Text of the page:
Brazil vs. Mexico: Why Mexico Deserves to Beat Brazil in the Olympic Final

Brian Canever@briancaneverCorrespondent IAugust 8, 2012

LONDON, ENGLAND - AUGUST 04:  Javier Aquino of Mexico is congratulated by teammates after he scored a goal during the Men's Football Quarter Final match between  Mexico and Senegal, on Day 8 of the London 2012 Olympic Games at Wembley Stadium on August 4, 2012 in London, England.  (Photo by Ezra Shaw/Getty Images)
Ezra Shaw/Getty Images

Let me start by making it emphatically clear that I never in my life thought I would be writing an article explaining why Mexico deserves to win any game.

As a United States soccer fan, Mexico has and will always be the enemy—especially when we play them “in our own backyard” and they still have more supporters than us in the stands.

Nevertheless, coach Luis Fernando Tena’s men have proven that they are more than worthy of being Olympic champions.

Despite a hiccup in the quarterfinal match against Senegal, which only saw them win 4-2 as a result of two terribly-timed and misplaced back-passes by their opponents, they have easily been the surprise team of the tournament.

In the group stage, the Mexicans started with a tense 0-0 draw against South Korea, but then responded with confident, albeit close victories against Gabon and Switzerland to advance as one of the tournament’s top seeds.

The following match against Senegal clearly illustrated their attacking prowess and team solidarity, as they were not only able to score when opportunities presented themselves, but also successfully held-off an extremely aggressive opponent that could have easily scored more if not for the heroic goalkeeping of José de Jesús Corona. The back-line may have let through two header goals due to their lack of height, but worked extremely well together throughout the 120 minutes.

In the semifinal, the young and fearless Mexicans continued their onslaught against an entertaining Japan side that defeated Spain in the group stage and scored very early in the first half to potentially shift the tide of the game their way.

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Despite the wastefulness of their heroic playmaker Giovani dos Santos, who was substituted at half-time in what could have been a massive mistake by coach Tena, 21-year-old Jorge Enríquez stepped into the leader’s shoes and helped to engineer an eventual 3-1 victory.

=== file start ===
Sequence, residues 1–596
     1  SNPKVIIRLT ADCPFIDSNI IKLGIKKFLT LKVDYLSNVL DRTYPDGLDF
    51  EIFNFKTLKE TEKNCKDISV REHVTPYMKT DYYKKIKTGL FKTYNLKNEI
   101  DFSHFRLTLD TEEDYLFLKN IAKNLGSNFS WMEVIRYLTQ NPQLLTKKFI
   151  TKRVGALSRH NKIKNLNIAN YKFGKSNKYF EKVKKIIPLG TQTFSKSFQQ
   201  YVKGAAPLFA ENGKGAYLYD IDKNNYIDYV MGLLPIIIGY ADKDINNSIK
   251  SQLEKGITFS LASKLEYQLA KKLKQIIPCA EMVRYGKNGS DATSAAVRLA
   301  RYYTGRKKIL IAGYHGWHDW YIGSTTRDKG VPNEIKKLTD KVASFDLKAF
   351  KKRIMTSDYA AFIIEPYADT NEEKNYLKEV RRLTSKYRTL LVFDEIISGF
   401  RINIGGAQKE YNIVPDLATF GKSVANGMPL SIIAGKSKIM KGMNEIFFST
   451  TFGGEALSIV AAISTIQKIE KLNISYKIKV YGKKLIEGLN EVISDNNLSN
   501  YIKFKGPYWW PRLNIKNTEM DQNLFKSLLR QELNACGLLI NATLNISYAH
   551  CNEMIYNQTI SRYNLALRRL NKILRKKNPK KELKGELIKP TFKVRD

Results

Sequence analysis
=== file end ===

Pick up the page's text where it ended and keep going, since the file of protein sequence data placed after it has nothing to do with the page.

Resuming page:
Considering that Mexico is without arguably their best player, Javier “Chicharito” Hernandez, who was not allowed to travel by Manchester United, they have managed to claw their way to the final as a team and with various players, including often-overlooked forward Oribe Peralta, rising to the next level.

Brazil, on the other hand, have been the authors of an entirely different story at the Olympics.

With two-time defending gold medalist Argentina failing to qualify for the tournament, the Brazilians were touted as the early favorites, yet almost threw away a three-goal lead against Egypt in their opening game, finishing as 3-2 winners.

The next matches against Belarus and New Zealand proved much easier, and the Brazilian attack, featuring the prolific Leandro Damião, as well as international stars Neymar and Pato, managed three goals in each outing to qualify for the quarterfinals with a perfect record.

Against Honduras, however, they needed the obvious assistance of German referee Felix Brych, who ejected a Honduras player in the first half after two very debatable yellow cards and awarded the Brazilians a penalty just as 10-man Honduras took the lead at 2-1.

Brazil eventually won 3-2 against the much less experienced Central Americans, although they awoke the anger of countless football fans with their shameful diving and theatrics.

As most viewers expected, the five-time World Cup winners managed to get their act together for the semifinal. And, with Chelsea-bound Oscar at his very best, the team handed South Korea a thorough 3-0 defeat to advance to Saturday night's big match.

In the final, regardless of all the promise around Mexico’s surreal run to the Olympic finals, Brazil will clearly possess the much bigger names with heftier price tags and a wealth of experience in club and international football that their opponents cannot match.

Out of the 18 players in their squad, Brazil only have 5 playing domestic club football in Brazil, while Mexico is the total opposite—only Dos Santos is stationed abroad, though he rarely plays at Tottenham Hotspur.

So, it could seem like an assured victory for the South Americans, who are looking to claim their first ever Olympic gold medal.

Yet, Mexico do not deserve to be counted out. Many of the players in the squad are graduates of a youth system that earned the nation the 2005 and 2011 FIFA U-17 World Cup trophies. Furthermore, they possess the kind of vigor and national pride that appears to be lacking in the mighty Brazil.

Giovani dos Santos and the rest of the team will need to put on the performance of their lives if they are to pull a shocker and claim a victory that will send shockwaves throughout the footballing world. Mexico's togetherness should contrast immensely with the individual talent of players like Neymar and tournament top-scorer Damião, and even a minor mistake could result in tragedy for the side.

But, after Brazil's shameful performance against Honduras and Mexico's resoluteness throughout the tournament, it will be hard to find anybody rooting against them to claim Olympic gold.


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